Rehabilitation of the Historic Columbia River Highway (HCRH) relied on a comprehensive approach that addresses many factors. In 1981, a National Park Service research team inventoried and analyzed the road and designed landscapes, and offered guidance for maintenance, conservation, and reuse. This comprehensive study by experts in the fields of historic preservation, landscape architecture, and masonry restoration, established a benchmark for judging the Highway's condition and recommending methods for the rehabilitation of the road and associated designed landscape features.
|The Columbia River Gorge from Portland Wmen's Forum State Park Vista House, on Crown Point, is in the foreground. (Photo courtesy Robert Hadlow, Ph.D.)|
Congress established the Columbia River Gorge National Scenic Area (CRGNSA), in 1986, to protect and provide for the enhancement of the scenic, cultural, natural, and recreation resources of the Columbia River Gorge. The CRGNSA Act (Public Law 99-663) required the Oregon Department of Transportation to study the HCRH. In 1987, ODOT's Parks and Highway divisions prepared A Study of the Historic Columbia River Highway, indicating its scenic, recreation, and economic development potential. Building on the 1981 project's conclusions, the 1987 report did not discuss the merits or drawbacks of preserving the HCRH. Instead, it sought to find ways to preserve, improve, and interpret the Highway for the enjoyment of present and future visitors and residents.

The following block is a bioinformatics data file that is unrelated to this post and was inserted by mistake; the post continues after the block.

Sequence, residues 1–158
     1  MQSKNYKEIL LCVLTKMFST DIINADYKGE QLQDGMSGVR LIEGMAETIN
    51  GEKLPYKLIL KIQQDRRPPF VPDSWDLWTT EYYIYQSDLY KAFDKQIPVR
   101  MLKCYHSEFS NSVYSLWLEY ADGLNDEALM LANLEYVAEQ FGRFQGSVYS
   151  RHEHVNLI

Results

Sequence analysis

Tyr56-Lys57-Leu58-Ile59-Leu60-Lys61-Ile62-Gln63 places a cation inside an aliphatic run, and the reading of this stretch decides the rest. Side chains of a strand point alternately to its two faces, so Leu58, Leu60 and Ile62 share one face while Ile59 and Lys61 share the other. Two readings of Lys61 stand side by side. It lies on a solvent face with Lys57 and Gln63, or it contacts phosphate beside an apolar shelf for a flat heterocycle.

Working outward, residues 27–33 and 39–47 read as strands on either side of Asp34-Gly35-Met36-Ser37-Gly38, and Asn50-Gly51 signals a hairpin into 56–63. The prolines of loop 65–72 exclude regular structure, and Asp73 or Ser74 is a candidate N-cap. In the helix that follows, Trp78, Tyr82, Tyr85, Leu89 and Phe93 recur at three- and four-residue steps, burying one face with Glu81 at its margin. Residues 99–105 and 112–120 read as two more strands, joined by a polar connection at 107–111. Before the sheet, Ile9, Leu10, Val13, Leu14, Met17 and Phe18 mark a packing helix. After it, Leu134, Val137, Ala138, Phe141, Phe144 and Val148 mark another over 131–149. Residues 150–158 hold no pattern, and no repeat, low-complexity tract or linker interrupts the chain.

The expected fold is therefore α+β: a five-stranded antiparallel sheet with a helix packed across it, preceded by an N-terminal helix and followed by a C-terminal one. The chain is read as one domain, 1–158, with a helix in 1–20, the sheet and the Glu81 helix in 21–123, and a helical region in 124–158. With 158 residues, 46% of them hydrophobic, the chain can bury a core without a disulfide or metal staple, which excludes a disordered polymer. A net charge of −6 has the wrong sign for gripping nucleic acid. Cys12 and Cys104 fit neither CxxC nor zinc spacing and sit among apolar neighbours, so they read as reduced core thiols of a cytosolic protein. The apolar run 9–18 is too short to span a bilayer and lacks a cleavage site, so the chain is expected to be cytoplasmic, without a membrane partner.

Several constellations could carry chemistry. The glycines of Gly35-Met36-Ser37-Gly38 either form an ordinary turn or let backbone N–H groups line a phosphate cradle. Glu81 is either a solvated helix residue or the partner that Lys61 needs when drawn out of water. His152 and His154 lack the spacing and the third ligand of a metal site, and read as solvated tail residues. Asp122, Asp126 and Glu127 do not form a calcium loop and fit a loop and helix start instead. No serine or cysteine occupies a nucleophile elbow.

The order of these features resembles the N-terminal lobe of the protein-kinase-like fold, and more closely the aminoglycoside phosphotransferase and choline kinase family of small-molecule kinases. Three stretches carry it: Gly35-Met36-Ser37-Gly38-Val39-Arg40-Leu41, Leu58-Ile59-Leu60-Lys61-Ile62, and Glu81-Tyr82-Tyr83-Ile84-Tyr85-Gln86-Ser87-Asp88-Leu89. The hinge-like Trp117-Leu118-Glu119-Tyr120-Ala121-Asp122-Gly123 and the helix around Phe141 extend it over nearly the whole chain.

The study looked at ways to provide recreation connections for segments of the Highway that had been abandoned after construction of the water-grade freeway in the 1950s, 1960s, and 1970s. It explored ways for enhancing the travel experience of motorists and recreationists on drivable portions of the HCRH. The study also addressed ways to coordinate management of the drivable and trail segments of the Highway with local, state, and federal agencies that have jurisdiction within the Columbia River Gorge.